People tend to take credit for their successes but blame external factors, or other people, for failures. This is self-serving bias. It allows us to protect our self-esteem, which in turn is good for our confidence. There are regular examples of self-serving bias in sports. The winning team considers they played a very good and skillful game. The losing team blames the referee.

This behavioral bias is more common in Western cultures than in Asian. It is thought to be so because Western cultures are more focused on the individual than the collective. Thus, the greater need to protect self-esteem than in the more collective cultures of Asia. It is also more common amongst elderly people and men.

There are positives to this bias, but not in the investment space. A good example of a positive benefit is where a person loses their job. To take personal responsibility would be a huge burden, making it difficult to get out of bed and look for work. Whereas, by blaming economic conditions it becomes much easier to get out and look for another job.

But this is not so in the investment space. The investor needs to take responsibility for all of their decisions, profitable or not. However, excuses abound when investors are on the wrong side of a trade. For example, it is common to blame management for a share price decline. Management is, of course, irrelevant to an investor’s decision-making. If management is so bad, then why buy the shares in the first place?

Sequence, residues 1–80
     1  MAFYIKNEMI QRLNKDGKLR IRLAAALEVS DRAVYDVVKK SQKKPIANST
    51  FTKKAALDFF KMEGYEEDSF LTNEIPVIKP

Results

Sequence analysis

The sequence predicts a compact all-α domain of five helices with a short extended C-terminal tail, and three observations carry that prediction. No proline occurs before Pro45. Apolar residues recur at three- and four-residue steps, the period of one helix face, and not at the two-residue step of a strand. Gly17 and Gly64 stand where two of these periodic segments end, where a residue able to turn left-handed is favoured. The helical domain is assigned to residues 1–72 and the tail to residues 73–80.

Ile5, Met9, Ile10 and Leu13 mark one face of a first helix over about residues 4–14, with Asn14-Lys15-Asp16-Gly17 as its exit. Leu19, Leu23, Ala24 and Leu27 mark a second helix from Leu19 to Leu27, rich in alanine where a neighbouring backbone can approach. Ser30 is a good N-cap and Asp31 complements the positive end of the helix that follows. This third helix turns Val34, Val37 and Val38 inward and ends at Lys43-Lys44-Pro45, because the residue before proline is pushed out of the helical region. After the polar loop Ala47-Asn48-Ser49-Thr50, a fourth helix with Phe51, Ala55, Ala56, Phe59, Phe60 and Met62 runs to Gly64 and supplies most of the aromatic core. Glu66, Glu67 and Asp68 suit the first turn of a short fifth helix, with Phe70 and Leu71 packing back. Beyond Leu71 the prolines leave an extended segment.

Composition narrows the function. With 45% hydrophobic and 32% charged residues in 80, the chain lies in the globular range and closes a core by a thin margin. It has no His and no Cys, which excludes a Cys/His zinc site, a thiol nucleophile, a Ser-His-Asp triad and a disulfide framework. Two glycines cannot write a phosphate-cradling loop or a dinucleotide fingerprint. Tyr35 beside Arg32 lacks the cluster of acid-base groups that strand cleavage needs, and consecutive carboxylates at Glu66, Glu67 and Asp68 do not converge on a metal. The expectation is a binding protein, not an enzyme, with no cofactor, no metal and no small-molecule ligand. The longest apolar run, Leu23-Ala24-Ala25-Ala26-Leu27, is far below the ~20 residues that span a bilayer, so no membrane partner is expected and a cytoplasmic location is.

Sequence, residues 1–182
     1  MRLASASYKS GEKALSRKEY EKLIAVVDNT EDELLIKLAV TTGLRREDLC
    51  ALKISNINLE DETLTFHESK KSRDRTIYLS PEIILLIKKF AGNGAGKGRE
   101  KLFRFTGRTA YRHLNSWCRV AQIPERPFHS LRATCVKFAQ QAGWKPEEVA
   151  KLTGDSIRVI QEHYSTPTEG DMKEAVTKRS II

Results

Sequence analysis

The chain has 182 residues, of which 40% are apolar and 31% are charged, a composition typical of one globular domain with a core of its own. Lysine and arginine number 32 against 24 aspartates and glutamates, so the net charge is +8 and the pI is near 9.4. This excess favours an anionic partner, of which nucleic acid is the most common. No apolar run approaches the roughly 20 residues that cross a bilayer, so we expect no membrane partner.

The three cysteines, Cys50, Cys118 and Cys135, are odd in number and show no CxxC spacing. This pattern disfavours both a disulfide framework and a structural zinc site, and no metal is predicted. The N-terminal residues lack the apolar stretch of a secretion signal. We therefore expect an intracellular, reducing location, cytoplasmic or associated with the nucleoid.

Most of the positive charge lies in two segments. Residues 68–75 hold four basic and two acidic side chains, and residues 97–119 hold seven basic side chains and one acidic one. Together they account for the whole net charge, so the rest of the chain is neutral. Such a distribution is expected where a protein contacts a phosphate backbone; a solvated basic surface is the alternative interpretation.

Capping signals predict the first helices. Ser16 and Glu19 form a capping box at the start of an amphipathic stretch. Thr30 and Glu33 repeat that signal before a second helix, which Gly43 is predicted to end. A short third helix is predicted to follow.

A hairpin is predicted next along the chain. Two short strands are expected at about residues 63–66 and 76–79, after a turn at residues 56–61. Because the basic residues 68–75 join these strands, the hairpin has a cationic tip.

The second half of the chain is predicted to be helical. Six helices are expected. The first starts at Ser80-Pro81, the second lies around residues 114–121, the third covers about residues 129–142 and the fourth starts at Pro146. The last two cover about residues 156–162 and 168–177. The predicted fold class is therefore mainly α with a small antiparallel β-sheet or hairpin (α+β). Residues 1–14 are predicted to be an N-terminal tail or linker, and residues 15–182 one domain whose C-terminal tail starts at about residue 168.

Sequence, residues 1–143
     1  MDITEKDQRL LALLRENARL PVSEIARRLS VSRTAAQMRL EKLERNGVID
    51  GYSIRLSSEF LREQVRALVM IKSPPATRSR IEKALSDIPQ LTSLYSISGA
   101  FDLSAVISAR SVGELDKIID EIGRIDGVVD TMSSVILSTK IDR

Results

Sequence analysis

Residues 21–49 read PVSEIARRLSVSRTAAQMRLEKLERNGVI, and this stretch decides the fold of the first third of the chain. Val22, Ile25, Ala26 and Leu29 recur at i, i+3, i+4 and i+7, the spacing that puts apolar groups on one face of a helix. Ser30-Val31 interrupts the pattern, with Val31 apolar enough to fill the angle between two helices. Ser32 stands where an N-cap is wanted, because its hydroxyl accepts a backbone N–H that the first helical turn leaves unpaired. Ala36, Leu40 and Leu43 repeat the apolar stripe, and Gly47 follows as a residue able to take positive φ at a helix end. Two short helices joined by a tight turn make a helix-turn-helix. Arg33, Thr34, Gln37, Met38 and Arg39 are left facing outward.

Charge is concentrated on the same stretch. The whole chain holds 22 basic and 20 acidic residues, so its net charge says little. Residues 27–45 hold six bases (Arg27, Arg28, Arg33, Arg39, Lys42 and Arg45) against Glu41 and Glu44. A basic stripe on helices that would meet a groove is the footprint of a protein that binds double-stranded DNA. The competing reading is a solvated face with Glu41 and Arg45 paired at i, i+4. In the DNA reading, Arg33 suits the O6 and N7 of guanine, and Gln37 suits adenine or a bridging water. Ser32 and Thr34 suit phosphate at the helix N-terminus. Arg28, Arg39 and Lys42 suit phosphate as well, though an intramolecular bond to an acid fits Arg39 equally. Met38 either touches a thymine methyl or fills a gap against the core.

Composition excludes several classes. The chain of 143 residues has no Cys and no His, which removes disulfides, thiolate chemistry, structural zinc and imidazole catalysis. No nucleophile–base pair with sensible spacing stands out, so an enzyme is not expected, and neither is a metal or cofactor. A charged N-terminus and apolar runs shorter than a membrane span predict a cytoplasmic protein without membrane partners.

Take responsibility for all your buys and sells. Analyze why trades worked or didn’t. This will help improve your performance. Blaming outside factors will not.

Links to the first posts of the series

Investors’ Behavioral Biases: Part I – Recency Bias

Investors’ Behavioral Biases: Part II – Optimism Bias

Investors’ Behavioral Biases: Part III – Loss Aversion

Investors’ Behavioral Biases: Part IV – Confirmation Bias

Investors’ Behavioral Biases: Part V – Herding